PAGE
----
Friday, January 8, 2016
Things I Learned
1. You aren't going to starve. While making up our food, we went a little overboard with the quantity. We had more than enough ingredients to make up our meal bags so we packed extra. "Having extra meals isn't a bad idea" my husband said. He's wrong. It is a bad idea. Extra food means extra weight. Pack what you need.
2. Trail mix is really heavy. Everything you read tells you to have snacks to eat to keep your energy up. Hiking with 25+ pounds on your back uses a lot of calories. And while trail mix might seem like a brilliant idea, it's really heavy (especially when you're worried about starving as I mentioned). Scrap the trail mix, bring some mini snickers or beef jerky and call it a day.
3. Having wine to drink and cheese and crackers for a celebration the first night is awesome-and heavy. It's true. My mom took the bag of wine out of it's box and used the water bladder area of her pack to carry it. I had the cheese and crackers. While awesome to have a glass of wine, a plastic flask with some whiskey works too, and is much lighter.
4. You don't need a lot of clothing. I packed a couple of pants, a few shirts, several pairs of socks and a coat and who knows what else. I was worried I'd be cold or get wet, I guess. Next time, I'll be packing my clothes sparingly. I do think having extra hiking socks is important, but maybe not packing every pair of hiking socks you own. After all, you can dry them out on the outside of your pack.
5. You probably don't need 3 tarps. I purchased 3 small tarps right before leaving mostly because of the impending weather. Instead of splitting them up, I just packed them all in my pack. Two were purchased with the intent of using them as footprints and the third was a just in case tarp in the event we needed to rig a tarp roof over the tents. I think they're important, but next time I'll either split them up or only carry the ones I personally need.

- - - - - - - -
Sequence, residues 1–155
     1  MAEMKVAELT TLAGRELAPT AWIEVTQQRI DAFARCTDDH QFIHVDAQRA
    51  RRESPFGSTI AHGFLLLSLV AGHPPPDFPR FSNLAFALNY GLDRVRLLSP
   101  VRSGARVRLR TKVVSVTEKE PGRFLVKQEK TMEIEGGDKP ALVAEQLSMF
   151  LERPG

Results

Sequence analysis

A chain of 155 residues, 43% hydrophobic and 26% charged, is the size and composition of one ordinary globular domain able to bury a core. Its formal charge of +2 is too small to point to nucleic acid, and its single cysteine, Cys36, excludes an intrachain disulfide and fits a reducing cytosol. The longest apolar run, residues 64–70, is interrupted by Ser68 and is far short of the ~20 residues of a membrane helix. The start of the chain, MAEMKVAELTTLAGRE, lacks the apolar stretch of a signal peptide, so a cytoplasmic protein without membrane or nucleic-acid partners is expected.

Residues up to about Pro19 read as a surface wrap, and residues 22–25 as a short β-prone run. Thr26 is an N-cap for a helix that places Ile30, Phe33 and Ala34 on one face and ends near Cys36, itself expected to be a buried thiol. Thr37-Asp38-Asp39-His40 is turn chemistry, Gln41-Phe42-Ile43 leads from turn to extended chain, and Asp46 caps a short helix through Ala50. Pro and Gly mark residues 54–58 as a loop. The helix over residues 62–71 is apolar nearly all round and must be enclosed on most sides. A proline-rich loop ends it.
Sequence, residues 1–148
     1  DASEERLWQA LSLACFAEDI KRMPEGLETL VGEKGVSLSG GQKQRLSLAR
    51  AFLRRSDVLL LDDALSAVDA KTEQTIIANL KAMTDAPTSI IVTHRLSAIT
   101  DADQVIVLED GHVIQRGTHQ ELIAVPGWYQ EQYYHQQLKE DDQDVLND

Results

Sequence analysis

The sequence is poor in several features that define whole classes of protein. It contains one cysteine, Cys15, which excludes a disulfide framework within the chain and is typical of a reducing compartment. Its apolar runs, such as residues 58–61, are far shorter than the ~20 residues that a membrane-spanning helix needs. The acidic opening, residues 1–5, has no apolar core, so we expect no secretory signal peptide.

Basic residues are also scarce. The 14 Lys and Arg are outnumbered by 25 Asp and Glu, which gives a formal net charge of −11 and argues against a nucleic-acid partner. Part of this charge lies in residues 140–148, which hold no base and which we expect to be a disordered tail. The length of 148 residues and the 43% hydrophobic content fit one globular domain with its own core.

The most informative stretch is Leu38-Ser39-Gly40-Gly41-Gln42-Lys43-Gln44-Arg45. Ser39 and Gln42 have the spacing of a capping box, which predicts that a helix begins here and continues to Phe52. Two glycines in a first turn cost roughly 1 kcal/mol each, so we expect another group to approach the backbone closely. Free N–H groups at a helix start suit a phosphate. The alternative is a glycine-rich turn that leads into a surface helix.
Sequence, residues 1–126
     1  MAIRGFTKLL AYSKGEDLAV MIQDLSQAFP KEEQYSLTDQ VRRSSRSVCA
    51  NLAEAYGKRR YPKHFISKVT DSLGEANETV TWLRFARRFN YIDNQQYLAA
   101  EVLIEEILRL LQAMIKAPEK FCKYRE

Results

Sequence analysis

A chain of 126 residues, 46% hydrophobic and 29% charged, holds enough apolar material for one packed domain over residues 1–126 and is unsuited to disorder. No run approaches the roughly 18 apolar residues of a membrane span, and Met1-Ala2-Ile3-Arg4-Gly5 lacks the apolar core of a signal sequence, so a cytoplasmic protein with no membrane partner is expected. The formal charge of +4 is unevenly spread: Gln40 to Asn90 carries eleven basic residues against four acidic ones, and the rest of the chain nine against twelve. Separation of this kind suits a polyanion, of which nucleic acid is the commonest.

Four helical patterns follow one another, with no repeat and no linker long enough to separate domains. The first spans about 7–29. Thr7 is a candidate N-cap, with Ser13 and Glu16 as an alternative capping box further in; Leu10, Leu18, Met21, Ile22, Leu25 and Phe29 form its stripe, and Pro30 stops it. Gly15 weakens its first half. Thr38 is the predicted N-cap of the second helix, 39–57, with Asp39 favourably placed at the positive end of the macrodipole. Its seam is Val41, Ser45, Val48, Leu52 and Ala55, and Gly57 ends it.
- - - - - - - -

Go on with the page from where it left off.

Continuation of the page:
6. You won't be bored, so you can leave the Mad Libs at home. I can see taking something to read or something if you're traveling alone, but in our group, our down time was spent talking to each other, eating and sleeping. I don't think extras are needed. Maybe just a small knot tying instruction card so you can practice your knots with your paracord.
7. A backpacking sleeping bag is important. I borrowed my son's sleeping bag so it would fit into my compression sack and be slightly lighter than my usual sleeping bag. It was still big and bulky and for my next trip, I'll be seeking out something lighter.
So, that's some of the things I learned on the first attempt at backpacking. Getting pack weight down is a must. Mine was around 26 pounds and my husband's was over 30 pounds (because he was gracious enough to carry all of the food). Hopefully we can get the pack weight down below 25 pounds.